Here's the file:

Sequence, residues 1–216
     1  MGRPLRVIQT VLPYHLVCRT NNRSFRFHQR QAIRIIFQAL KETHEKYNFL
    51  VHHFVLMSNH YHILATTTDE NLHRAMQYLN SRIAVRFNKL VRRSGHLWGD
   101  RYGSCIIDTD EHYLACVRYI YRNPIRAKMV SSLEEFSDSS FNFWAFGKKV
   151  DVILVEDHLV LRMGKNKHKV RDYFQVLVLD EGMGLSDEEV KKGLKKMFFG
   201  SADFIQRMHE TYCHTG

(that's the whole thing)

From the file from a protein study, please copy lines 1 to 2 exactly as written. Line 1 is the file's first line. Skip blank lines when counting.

Sequence, residues 1–216
     1  MGRPLRVIQT VLPYHLVCRT NNRSFRFHQR QAIRIIFQAL KETHEKYNFL